I’ll start off with getting the data from the file.  Once I show the best way to get data from the file, parsing columns and also rows, I will show how to get the data into the DB the fastest way.

Now kiddies… lets get started.

Generating test files

I created a script which will generate a test file based on command line inputs.  The files are tab delimited, and every column of every row has a unique value.  See the script.

Large for loops

I’ve found that most code uses sizeof() or count() as part of the for loop definition. What actually happens in each iteration of the for loop is a re-evaluation of the sizeof() or count(), meaning PHP checks the size of the array for each iteration.  So… if you have an array of length 100 it checks the size of the array 101 times (size plus last/exit count).  PHP is pretty fast… so this really doesn’t matter until you have large arrays.  Well… we are dealing with data files here.  We want to go as fast as we can.

The simple thing to do is calculate sizeof() or count() and save the results into a variable, call it $size_of.  Use $size_of in your for loop and this reduces the execution time and load dramatically.  I created a test script to demonstrate the time differences for various array sizes.  Check out the code here.

With a test of an array sized 100, 1000, 10000, 100000, 500000, and 1000000 the results are:

  • Using sizeof() in for loop of size 100 took 5.31673431396E-5 seconds
  • Using count() in for loop of size 100 took 4.60147857666E-5 seconds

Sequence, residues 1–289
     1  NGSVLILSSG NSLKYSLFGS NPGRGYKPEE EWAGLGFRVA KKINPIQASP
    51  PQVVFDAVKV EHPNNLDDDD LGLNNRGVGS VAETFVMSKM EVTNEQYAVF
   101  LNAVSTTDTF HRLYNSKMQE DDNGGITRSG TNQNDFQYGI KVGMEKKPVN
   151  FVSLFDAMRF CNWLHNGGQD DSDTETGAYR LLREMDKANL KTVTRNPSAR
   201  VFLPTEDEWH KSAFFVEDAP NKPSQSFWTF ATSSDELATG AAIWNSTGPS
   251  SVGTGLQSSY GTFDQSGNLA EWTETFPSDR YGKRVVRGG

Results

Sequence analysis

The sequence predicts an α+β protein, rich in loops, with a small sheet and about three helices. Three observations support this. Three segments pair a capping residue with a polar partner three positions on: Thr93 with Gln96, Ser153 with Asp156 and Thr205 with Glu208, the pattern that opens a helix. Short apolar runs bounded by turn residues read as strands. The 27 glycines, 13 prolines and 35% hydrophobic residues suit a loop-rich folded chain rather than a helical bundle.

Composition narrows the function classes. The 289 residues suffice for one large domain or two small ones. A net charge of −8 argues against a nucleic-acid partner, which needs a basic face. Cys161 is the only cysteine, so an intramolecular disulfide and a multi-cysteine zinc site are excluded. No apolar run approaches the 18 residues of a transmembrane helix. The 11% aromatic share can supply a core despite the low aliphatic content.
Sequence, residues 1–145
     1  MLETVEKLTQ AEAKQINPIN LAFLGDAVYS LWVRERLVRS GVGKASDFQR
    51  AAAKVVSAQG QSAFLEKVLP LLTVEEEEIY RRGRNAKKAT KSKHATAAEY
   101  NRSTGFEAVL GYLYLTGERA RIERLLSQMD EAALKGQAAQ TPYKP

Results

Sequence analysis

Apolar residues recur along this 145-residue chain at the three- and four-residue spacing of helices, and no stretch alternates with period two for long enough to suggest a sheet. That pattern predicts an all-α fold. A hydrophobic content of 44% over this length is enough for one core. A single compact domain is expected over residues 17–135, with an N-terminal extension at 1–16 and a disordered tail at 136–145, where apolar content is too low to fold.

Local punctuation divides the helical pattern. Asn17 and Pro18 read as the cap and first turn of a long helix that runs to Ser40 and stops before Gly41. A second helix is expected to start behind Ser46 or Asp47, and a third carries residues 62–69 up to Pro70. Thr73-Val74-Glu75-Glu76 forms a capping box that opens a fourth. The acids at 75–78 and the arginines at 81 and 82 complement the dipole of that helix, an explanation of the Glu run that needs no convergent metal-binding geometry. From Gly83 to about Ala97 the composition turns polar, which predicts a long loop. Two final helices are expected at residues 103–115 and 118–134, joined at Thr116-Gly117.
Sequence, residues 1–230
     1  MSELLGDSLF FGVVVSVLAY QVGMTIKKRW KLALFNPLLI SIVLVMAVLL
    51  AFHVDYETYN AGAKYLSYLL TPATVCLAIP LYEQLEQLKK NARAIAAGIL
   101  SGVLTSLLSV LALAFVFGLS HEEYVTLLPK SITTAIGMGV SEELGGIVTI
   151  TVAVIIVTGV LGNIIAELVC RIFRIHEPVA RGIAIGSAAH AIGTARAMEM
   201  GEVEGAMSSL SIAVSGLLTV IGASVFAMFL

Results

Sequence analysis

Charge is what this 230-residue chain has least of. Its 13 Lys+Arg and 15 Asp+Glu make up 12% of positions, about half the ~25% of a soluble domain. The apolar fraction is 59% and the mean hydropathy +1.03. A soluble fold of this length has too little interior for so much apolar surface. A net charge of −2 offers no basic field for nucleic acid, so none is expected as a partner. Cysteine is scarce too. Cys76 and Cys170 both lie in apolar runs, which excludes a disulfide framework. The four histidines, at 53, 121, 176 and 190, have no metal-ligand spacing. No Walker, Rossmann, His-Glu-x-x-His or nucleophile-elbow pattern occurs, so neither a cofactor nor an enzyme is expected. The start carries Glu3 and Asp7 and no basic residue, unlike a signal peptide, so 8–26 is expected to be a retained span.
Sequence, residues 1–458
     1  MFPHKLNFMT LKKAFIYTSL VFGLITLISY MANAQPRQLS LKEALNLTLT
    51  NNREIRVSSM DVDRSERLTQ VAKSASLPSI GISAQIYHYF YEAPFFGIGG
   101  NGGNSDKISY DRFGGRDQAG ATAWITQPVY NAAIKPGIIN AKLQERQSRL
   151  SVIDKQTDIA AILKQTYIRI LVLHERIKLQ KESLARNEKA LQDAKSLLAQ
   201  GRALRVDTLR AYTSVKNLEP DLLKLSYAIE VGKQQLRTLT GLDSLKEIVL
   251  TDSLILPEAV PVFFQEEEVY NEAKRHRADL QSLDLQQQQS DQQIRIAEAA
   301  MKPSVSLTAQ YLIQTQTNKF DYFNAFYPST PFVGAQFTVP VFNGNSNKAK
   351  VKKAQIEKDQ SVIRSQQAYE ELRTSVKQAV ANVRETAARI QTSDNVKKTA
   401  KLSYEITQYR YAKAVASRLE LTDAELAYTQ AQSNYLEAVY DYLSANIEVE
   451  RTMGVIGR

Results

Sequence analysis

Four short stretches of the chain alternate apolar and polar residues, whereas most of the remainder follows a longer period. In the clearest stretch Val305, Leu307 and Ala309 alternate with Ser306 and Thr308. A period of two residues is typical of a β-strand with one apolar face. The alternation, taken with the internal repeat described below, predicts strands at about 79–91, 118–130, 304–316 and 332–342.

• Using saved variable, $size_of, in for loop of size 100 took 2.19345092773E-5 seconds
  • Using sizeof() in for loop of size 1000 took 0.000462055206299 seconds
  • Using count() in for loop of size 1000 took 0.000478982925415 seconds
  • Using saved variable, $size_of, in for loop of size 1000 took 0.000200986862183 seconds
  • Using sizeof() in for loop of size 10000 took 0.00419116020203 seconds
  • Using count() in for loop of size 10000 took 0.00372004508972 seconds
  • Using saved variable, $size_of, in for loop of size 10000 took 0.00174808502197 seconds
  • Using sizeof() in for loop of size 100000 took 0.0383322238922 seconds
  • Using count() in for loop of size 100000 took 0.0381410121918 seconds
  • Using saved variable, $size_of, in for loop of size 100000 took 0.0178201198578 seconds
  • Using sizeof() in for loop of size 500000 took 0.203524112701 seconds
  • Using count() in for loop of size 500000 took 0.207995176315 seconds
  • Using saved variable, $size_of, in for loop of size 500000 took 0.0991399288177 seconds
  • Using sizeof() in for loop of size 1000000 took 0.378456115723 seconds
  • Using count() in for loop of size 1000000 took 0.37501001358 seconds
  • Using saved variable, $size_of, in for loop of size 1000000 took 0.17529797554 seconds

So as you can see the fastest way to loop through any array of any size, is to calculate the size one time, rather than as part of the for loop.  Based on the 1m loop, calculating prior to looping is 46% faster.  All my further test scripts will pre-calculate the array size for maximum efficiency.

Of course this only applies if you are incrementing in your for loop.  If you decrement then the method, sizeof() count() or saved variable, becomes a mute point.  But decrementing may not be appropriate in all situations. Here’s the test script.

Using a 1,000,000 size array with decrementing for loop the execution times are:

  • Using sizeof() in for loop of size 1000000 took 0.168756008148 seconds
  • Using count() in for loop of size 1000000 took 0.162810087204 seconds
  • Using saved variable, $size_of, in for loop of size 1000000 took 0.162010908127 seconds

Oh and a decrementing loop is about 8% faster than an incrementing one… why?  Someone once explained it to me… but I don’t remember

Extracting data from the file

There are 3 ways to extract rows and columns from a file:

I have set up a script which takes the extraction type as a parameter and performed the test on 3 file types.

  1. 5 columns and 25k records
  2. 10 columns and 100k records
  3. 2 columns and 1m records

The results are: